14 Aug 2014 Silly season and the public sector purchasing cards scandal that is overdue
We’re in the middle of August and there are two unusual things about the summer in the UK. Firstly, we’re having one and secondly, we haven’t seen the scandalous use of purchasing cards in public sector exposed.
I’ve been looking out for the story that emerges every year about the £1 billion spending spree that public sector workers go on each year. Apparently, they use “state credit cards” to fund all manner of things like “taxi rides” and “business lunches”. Food from Marks and Spencer is often quoted as the disgraceful example of a waste of taxpayers money. Daily Mail readers from all over the UK are aghast: “Food from Marks and Spencer! I wish I could afford to feed myself at M&S.”
When there’s nothing else to write about, write about baby pandas or stir up some hatred by finding easy targets. If it’s not foreigners coming over here taking our jobs it’s work-shy civil servants living the high life at the tax payers’ expense. It is of course, to anyone with a modicum of intelligence or knowledge, lazy and ill-informed journalism that is behind these stories.
It is true that within the UK about £1 billion is spent every year within public sector using Purchasing Cards. That sum of money represents only three-quarters of 1% of total Government expenditure according to Ian Watmore but it’s not the amount that is important it the number of transactions that counts.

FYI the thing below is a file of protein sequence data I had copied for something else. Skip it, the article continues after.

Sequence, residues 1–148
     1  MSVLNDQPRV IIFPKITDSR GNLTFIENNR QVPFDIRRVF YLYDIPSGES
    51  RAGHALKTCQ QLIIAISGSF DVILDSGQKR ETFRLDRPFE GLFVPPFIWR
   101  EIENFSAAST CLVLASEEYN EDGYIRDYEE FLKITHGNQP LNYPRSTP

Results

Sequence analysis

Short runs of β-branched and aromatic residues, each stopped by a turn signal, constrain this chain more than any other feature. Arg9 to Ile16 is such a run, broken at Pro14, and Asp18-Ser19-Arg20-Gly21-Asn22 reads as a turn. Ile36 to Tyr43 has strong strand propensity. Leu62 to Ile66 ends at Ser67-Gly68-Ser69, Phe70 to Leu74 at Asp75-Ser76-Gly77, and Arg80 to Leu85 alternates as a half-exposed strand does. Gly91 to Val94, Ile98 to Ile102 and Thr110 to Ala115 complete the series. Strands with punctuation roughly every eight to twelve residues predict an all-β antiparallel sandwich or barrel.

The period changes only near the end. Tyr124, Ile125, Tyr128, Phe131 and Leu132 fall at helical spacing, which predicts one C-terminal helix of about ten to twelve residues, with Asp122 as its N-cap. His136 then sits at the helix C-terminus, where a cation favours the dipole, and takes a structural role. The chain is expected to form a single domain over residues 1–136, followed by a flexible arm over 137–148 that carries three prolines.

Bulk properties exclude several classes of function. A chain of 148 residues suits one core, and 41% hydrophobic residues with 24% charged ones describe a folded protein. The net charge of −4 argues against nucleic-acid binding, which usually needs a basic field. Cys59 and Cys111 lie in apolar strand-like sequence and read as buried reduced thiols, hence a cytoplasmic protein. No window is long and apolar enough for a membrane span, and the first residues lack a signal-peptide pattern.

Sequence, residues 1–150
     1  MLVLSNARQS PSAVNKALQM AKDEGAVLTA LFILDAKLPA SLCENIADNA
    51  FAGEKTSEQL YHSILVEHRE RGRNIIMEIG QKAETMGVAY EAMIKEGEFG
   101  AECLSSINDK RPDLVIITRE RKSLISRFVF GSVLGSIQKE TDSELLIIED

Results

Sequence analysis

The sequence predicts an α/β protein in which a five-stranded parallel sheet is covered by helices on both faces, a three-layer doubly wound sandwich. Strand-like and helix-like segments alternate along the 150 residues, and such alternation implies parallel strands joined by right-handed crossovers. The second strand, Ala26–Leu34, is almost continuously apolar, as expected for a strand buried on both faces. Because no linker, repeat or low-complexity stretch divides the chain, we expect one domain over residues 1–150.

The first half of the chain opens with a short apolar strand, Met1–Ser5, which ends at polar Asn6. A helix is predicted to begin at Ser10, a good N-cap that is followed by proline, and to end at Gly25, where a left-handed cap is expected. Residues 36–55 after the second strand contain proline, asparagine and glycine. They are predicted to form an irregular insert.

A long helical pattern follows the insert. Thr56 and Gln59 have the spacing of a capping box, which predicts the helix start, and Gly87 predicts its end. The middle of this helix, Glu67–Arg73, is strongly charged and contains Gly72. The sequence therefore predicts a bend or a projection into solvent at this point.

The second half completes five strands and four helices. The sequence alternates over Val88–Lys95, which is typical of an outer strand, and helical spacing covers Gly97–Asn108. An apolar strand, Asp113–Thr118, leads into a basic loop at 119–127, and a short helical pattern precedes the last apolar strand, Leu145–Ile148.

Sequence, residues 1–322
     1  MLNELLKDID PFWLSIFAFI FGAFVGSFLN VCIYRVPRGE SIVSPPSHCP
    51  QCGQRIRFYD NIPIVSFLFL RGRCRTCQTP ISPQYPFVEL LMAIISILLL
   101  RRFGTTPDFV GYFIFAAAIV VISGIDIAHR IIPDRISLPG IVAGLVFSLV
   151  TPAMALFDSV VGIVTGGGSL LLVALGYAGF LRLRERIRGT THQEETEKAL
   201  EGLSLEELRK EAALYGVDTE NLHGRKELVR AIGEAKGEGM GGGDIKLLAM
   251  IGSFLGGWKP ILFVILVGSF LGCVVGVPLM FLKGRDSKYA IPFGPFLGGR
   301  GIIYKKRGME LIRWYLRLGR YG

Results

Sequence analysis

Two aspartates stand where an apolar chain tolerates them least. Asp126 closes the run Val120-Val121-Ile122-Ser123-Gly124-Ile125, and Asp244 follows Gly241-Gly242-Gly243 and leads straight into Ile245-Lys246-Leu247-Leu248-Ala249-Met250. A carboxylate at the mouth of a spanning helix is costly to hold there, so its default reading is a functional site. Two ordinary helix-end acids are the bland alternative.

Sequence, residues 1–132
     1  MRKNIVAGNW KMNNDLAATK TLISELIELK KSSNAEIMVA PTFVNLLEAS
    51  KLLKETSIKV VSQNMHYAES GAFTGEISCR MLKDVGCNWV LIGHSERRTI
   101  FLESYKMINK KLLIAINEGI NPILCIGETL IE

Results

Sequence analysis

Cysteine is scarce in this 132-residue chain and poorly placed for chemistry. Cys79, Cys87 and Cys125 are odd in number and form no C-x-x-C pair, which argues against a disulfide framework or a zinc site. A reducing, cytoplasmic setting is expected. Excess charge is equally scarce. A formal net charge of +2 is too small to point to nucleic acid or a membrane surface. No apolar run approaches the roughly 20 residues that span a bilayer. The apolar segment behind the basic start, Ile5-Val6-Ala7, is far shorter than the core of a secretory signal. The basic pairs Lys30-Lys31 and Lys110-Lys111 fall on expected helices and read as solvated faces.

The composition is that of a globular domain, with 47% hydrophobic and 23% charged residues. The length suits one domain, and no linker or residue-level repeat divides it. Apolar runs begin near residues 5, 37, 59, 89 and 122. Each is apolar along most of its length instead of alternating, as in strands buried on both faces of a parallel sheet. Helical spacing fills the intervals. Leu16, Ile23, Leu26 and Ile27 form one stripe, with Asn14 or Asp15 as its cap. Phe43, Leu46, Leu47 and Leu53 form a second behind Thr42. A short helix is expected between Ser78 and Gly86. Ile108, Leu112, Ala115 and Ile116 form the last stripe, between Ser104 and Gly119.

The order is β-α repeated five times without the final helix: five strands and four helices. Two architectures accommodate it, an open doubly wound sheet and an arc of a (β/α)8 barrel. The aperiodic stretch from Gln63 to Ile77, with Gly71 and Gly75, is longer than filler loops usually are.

Speaking before the Committee for Public Accounts in the UK in 2012, Ian Watmore from the Cabinet Office explained that the saving to the taxpayer by avoiding what would be a relatively expensive purchasing process saves the UK about £8.5 million each year. He based this on an estimate that each of the 1.7 million PCard transaction would save about £5 a time. From my own experience, I think this is an underestimate but whether it’s 8.5 million or £85 million – it is a real and significant saving – and this is the point of purchasing cards.
Sometime the cost of a purchasing transaction i.e. the cost of peoples’ time to raise, approve and process a purchase order, is greater than the cost of the goods themselves. It makes no sense at all to initiate a bureaucratic process to buy £10 worth of stationery. And sometimes it is simply impractical. People who travel as part of their work need transport. They need to feed themselves and stay somewhere. Purchasing cards facilitate this sort of buying and at the same time capture the important line item detail that allows for proper control and accounting.
They don’t always work well. Outside of low value transactions Purchasing Cards can be problematic. Using a card to purchase across international borders can bring with it some ludicrous FX costs that aren’t immediately obvious to the users and the merchant fee can negate the cash flow benefit to a supplier but where cards work well they do deliver a saving and Taxpayers should feel comforted when they see their Government using best practice tools and techniques like PCards.
It’s a story that comes out every year and I haven’t seen it for some time – so, unless I’ve missed it, expect to see it any day now – the scandal of Government Purchasing Card. It will be – as it is every year – absolute nonsense.
Pete Loughlin can be found on twitter @peteloughlin